CPC Plant Profile: Virginia Roundleaf Birch
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Plant Profile

Virginia Roundleaf Birch (Betula uber)

Betula Uber habitat Photo Credit: Johnny Randall
Description
  • Global Rank: G1 - Critically Imperiled
  • Legal Status: Federally Threatened
  • Family: Betulaceae
  • State: VA
  • Nature Serve ID: 157815
  • Date Inducted in National Collection: 12/01/2021

Betula uber is known from a single population in southwest Virginia. It was first reported in 1918, but the taxon was not seen again until 1975 when a single population of approximately 40 trees was rediscovered. It was originally described as a variety of B. lenta by Ashe in1918 and elevated to a full species by Fernald in 1945. Betula uber was formally listed as endangered in 1978, but was downlisted to threatened in 1995 after 20 additional populations were established. Although very similar to the widespread black or sweet birch (Betula lenta), it differs primarily in growth habit and having blunt or rounded leaves.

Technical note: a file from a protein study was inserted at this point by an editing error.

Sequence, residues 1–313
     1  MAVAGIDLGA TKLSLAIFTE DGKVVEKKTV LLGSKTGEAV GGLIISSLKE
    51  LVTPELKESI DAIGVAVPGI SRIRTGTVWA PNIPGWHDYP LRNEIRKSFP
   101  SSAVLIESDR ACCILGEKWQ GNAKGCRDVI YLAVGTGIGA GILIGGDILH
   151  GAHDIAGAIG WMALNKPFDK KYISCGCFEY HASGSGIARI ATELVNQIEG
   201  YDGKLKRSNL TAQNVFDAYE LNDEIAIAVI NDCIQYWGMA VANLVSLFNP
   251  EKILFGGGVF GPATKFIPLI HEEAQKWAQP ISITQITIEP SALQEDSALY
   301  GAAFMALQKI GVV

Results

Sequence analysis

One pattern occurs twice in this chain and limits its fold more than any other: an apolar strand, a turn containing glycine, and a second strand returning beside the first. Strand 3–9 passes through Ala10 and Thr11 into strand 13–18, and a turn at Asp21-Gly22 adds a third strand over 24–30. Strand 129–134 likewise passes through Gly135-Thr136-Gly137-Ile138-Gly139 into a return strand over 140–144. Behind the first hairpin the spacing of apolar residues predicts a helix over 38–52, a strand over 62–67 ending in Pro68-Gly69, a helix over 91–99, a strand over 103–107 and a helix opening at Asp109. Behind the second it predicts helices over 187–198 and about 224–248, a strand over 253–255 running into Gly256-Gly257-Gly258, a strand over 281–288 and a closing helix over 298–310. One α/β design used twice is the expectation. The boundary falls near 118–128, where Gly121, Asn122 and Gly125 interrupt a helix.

Updates
  • 09/01/2020
  • Propagation Research

And given that mechanical disturbance by removing leaf litter during a mast year in 1981 facilitated the germination of 82 seedlings, attention should be paid to assisted disturbance when a mast year is apparent. This management approach should be done in the natural population in addition to as many of the 20 planted populations as possible. Prescribed disturbance should also be a management priority since B. uber is probably a relatively short lived tree based on the life history of B. lenta.

  • 09/01/2020
  • Genetic Research